It has been argued that we are reading less and the evenings of sitting down with a good book are disappearing. Books sales increased in 2014 so this suggests there isn’t a decline, but merely a change in reading habits. Has new technology transformed the book from the page to the screen? It is an interesting debate and leads on to the bigger question of whether a change in concentration levels has actually altered how people read. Are some people reaching high stress levels at younger ages and is this causing the possible decline in reading?
If a book is powerful, it is often quite hard to put down – you want to read one more page, one more chapter. The most obvious area to investigate when it is suggested that there is a decline in reading is to look at the actual books that are published. A few months ago, Harper Lee’s ‘Go Set a Watchman’ caused a storm in the literately world. The pre-release hype and a very famous author led the book to break many sales records already. Although this is possibly a unique example, it does still suggest that books are able to engage the reader. Therefore, perhaps it is the mind that is filled with too much information. Engaging content is received every day via email and come evening, we simply don’t want to take any more in.
Once the day is done and the commute home is finished, it can be quite difficult to digest stimulating content and give it enough attention. The working day varies in length, with some starting at the crack of dawn and not ending until past midnight. The modern day is inundated with information – the report, the industry paper, the 100+ emails, the tweet, the Facebook post and text messages and telephone calls. So it’s possible there is simply no time or energy to enjoy a few pages of a book.
An example of how day to day life is affecting how we read is the rise of novellas. These works of fiction are between 20,000 and 40,000 words in length, making them longer than a short story, but less than a novel. Their popularity does seem to indicate people prefer to read fewer words than before.
A change in how we read and the possible fatigue of the mind cannot be discussed without mentioning television and its power to escape from the real world. It is considered by many a way to relax the mind and it can now be accessed on a phone, tablet or computer. Many younger generations are able to multitask and watch television while accessing messages on a mobile. This is a lot harder to repeat when reading a book.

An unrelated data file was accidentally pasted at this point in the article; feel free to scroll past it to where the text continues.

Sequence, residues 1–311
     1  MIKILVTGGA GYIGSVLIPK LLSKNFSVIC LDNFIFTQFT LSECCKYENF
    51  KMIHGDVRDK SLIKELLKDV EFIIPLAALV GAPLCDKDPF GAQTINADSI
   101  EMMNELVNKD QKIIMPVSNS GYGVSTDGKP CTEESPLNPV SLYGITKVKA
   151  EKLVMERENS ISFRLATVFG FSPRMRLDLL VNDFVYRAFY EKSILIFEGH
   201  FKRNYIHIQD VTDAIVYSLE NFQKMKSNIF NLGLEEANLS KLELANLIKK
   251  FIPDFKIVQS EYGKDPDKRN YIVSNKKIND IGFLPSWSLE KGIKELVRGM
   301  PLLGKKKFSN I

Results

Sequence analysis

Books are now available on many electronic devices that are designed to improve the reading experience, but whether this has changed reading habits is still debatable. It is interesting that when on holiday people do still buy over five printed books for the trip. This suggests that work is getting in the way and people do not find the time to relax and enjoy a good read until next to the pool.
Are we more drained?
Some people do seem to reach high stress levels at a younger age. It does depend on the person and what they do for a living, but a number of factors can have an effect. When looking a level deeper, it is possible that those who are unhappy with their job may start to feel drained. There are those who wanted to change profession, but never got round to starting all over again and if someone isn’t enjoying their job, they can get a feeling of regret which can cause a loss in concentration. Even the most ambitious go-getter can eventually feel frustrated and unhappy.
Books are still being printed but people are changing the way they access them and to stimulate curiosity, some books do need a lot of promotion. Some are losing concentration due to distractions and as a result are reading less. Others are receiving mountains of information every day which they struggle to digest. To think clearly, we need to learn to relax and enjoy things again, so it’s best to take some time out and pick up a book.
About the author
Ben V Butler writes for eHotelier’s sister print title EP Business in Hospitality.